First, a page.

Adventure Builder is an Text Adventure Game authoring system (also referred to as an Interactive Fiction authoring system) for DOS and Windows. The first version was marketed in 1988 as Quest V1.0. The name changed with version 2, and Adventure Builder V2.0 is now available as freeware/shareware. It is freeware for personal use and shareware if you make any profit with games created with the system (a one-time $20 registration fee with no royalties).

Send fees (checks only, no credit cards or cash please) to Alan Conroy, 14016 35th Avenue South, Tukwila, WA 98168-4010, USA.

Adventure Builder is oriented toward non-technical people, but allows programmers to get a lot more out of the system with some additional effort. For an interesting game, probably SOME programming is necessary.

Software support exists, but is minimal. I am working on the next version of the software (and have been for two years now). All support is via e-mail and only very serious bugs will be addressed before the next version is released.

For a detailed description of the product, see the Software Production Description.



What are text adventures?

They are computer games which interact with the player through textual output (describing locations, objects, and events) and keyboard input in the form of English commands (such as "go north", "open the door", and "put the sword into the basket"). The most famous examples of text adventures are the Zork series of Infocom games from the early 1980s.


How does Adventure Builder compare to other Interactive Fiction authoring systems?

There are a lot of authoring systems available today. To compare Adventure Builder with each one would be prohibitive in effort and space. Further, each system has a unique slant on some (or most) issues, making any detailed comparison useless. In relation to what I know of the popular authoring systems (Inform, Hugo, and TADS), my personal opinion is that Adventure Builder is generally easier to use. It also allows truly huge games. The disadvantages are that it only supports DOS and Windows platforms, and effectively has no graphics support. Generally speaking, it would seem to be on par with the popular systems as far as raw capabilities.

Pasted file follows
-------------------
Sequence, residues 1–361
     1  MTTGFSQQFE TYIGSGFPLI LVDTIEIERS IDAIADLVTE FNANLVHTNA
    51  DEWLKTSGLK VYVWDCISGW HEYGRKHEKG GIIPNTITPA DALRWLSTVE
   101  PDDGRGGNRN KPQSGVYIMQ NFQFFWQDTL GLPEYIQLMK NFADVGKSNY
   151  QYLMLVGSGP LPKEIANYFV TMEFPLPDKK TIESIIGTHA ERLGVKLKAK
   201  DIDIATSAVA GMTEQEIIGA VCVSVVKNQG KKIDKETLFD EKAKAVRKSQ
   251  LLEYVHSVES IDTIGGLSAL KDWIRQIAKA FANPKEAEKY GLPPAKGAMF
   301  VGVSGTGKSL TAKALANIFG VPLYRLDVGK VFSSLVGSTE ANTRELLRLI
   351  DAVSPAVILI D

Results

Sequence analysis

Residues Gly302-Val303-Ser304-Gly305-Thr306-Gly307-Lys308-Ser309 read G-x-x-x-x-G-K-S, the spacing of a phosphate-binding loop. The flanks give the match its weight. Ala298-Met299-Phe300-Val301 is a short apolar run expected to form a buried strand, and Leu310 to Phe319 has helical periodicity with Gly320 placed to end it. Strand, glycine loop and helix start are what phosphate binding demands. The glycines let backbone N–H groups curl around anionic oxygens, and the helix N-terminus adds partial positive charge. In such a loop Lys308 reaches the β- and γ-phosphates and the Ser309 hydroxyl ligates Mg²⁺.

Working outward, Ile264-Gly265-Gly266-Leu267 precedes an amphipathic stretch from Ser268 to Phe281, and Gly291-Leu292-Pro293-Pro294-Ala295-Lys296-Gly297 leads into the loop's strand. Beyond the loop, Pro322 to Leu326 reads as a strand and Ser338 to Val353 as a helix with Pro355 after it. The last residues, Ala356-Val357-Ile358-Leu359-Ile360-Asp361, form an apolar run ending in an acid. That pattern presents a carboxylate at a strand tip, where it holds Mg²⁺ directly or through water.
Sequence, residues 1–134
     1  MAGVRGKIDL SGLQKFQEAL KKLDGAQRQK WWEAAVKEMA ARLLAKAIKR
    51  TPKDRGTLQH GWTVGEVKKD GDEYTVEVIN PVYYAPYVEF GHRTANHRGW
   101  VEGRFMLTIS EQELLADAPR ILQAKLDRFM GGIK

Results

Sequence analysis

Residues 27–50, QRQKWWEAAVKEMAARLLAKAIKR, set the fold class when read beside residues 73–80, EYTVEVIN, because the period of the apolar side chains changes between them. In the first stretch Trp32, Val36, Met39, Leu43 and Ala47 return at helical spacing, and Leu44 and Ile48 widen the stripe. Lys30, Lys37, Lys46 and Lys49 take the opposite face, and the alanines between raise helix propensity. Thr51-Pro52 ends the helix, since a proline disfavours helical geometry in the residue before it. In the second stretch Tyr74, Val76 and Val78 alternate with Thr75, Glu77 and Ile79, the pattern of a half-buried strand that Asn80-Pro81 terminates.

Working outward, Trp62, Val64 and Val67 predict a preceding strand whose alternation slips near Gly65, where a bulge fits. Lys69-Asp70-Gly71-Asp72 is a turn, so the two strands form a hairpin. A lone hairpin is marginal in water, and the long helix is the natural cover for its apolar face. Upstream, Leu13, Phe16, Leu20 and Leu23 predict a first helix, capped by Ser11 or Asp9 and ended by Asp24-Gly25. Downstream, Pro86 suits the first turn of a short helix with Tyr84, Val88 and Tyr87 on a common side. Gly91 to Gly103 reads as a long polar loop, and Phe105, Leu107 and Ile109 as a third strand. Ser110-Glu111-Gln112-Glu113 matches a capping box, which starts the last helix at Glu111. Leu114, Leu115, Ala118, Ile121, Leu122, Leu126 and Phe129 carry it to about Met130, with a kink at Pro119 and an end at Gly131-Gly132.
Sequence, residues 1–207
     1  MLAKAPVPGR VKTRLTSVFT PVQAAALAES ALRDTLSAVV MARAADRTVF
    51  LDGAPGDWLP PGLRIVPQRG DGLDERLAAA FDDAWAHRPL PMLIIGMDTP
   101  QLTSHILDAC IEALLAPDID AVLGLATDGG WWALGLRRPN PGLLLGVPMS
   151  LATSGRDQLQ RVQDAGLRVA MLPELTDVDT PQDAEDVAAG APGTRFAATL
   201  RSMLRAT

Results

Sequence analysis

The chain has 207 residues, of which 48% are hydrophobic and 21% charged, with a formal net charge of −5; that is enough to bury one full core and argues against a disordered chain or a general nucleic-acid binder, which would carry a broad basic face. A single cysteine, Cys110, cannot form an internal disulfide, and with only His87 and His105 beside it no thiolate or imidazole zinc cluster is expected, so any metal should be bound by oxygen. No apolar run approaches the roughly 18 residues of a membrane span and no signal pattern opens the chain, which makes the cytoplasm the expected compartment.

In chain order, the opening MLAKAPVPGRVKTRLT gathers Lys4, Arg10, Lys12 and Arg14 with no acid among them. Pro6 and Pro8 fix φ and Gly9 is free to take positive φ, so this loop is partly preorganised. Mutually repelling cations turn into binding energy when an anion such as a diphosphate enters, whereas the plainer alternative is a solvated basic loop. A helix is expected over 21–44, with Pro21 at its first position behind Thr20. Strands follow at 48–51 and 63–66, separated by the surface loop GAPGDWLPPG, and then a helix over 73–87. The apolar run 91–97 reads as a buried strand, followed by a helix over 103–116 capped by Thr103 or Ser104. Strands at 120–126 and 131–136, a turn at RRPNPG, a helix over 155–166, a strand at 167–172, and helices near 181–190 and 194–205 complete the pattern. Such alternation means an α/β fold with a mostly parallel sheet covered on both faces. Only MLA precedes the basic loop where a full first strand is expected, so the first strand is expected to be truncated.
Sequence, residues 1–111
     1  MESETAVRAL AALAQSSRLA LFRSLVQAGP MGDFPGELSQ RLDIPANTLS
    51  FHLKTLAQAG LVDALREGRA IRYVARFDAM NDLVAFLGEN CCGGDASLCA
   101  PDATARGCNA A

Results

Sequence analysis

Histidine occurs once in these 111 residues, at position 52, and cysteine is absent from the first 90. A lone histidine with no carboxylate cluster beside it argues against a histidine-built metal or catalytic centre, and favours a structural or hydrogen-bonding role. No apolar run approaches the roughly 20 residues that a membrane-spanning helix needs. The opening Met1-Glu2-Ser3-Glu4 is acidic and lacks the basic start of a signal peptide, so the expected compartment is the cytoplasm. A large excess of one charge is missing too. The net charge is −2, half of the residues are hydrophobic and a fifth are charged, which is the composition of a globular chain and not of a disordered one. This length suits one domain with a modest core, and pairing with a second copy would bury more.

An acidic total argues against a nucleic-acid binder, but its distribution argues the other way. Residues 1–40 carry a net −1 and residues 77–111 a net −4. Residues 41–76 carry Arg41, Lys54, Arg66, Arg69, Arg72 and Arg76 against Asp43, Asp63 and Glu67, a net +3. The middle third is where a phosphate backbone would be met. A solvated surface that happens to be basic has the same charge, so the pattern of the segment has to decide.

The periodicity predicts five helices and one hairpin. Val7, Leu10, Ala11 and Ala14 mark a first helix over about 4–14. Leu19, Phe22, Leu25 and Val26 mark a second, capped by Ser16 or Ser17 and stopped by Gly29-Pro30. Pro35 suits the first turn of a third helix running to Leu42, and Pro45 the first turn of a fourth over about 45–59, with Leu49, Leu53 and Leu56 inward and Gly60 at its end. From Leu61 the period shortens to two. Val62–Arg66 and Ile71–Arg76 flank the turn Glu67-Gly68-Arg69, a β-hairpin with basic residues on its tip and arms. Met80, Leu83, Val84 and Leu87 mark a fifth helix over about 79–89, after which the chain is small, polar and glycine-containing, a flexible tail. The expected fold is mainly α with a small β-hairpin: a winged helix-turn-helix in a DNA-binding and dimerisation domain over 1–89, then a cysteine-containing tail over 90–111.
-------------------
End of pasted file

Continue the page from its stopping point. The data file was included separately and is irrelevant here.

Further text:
Is there any plan to support platforms other than DOS and Windows?

There are no plans for porting Adventure Builder to other platforms. We chose the industry standard to maximize the number of potential users. We have nothing against any other platform, and should anyone wish to do the port themselves, they should contact us for a license to do so.


What does the source language look like?

The source language for Adventure Builder is based on a programming language called Sirius, which resembles a cross between BASIC and Pascal.


Are graphics supported?

Some access is allowed to the machine hardware, so some graphics programming could be done. However, anything more fancy than EGA is probably prohibitively difficult.



What language is Adventure Builder written in?

Adventure builder V2.0 is written in Borland Pascal V7.0 with bits of assembler used in places.


Are sources to Adventure Builder available?

The sources to Quest (the earlier name for Adventure Builder) version 1.1 are available. Download Quest V1.1 (a self-extracting archive). Just a few comments for those who download the V1.1 sources. Note that you won't be able to compile Quest V1.1 from the sources. Not included are the routines from our proprietary subroutine library, which Quest makes extensive use of. However, you can see how the parser works, determine save file formats, and any number of other interesting things. Further, Quest V1.1 was compiled with Turbo Pascal V3.0 and a product called Turbo Power. Finally, don't judge me too harshly when you look at the source code. Remember, this is 10-year old code (actually, some of it much older), written before there were such things as syntax-highlighting or Object Oriented Pascal. In short, I'm embarrased by the state it is in and I can gladly state that V2.0 source code is a world apart from V1.1. Enough disclaimers.


Is the parser built-in or part of the library?

The parser is built into the program. However, that does not prevent you from bypassing it and writing your own. However, at this time, you cannot do your own prompting and call the parser to do standard stuff.


I can't run the Quest Demo

If you cannot run Quest, it is probably a problem with the DOS path.  The easiest solution is to just make sure that the QUEST.* files are in the same directory as the Adventure Builder application and then to make sure that you run it from the same directory.


I can't view the help files

Not all of the files with the extension .hlp are Windows Help files, so you cannot use Help to view them.  They are viewable from the various command-line utilities by typing "/HELP" at the utility command prompts.  ABHELP.HLP is the only Windows Help file.  


What is the SMALPLAY application?

You should ignore the SmalPlay application (unless you are running on a memory-poor 80286 or 8086 computer).



1987 - Work begins on Quest V1.0 for DOS.

1988 - Quest V1.0 for DOS released commerically.

1989 - Quest V1.1 is released. It is primarily a maintenance release.

1990 - Quest V1.2 is released.

1995 - Work is finished on Quest V2.0 for DOS and Windows.

1997 - Quest was renamed Adventure Builder, and Version 2.0 is released as shareware.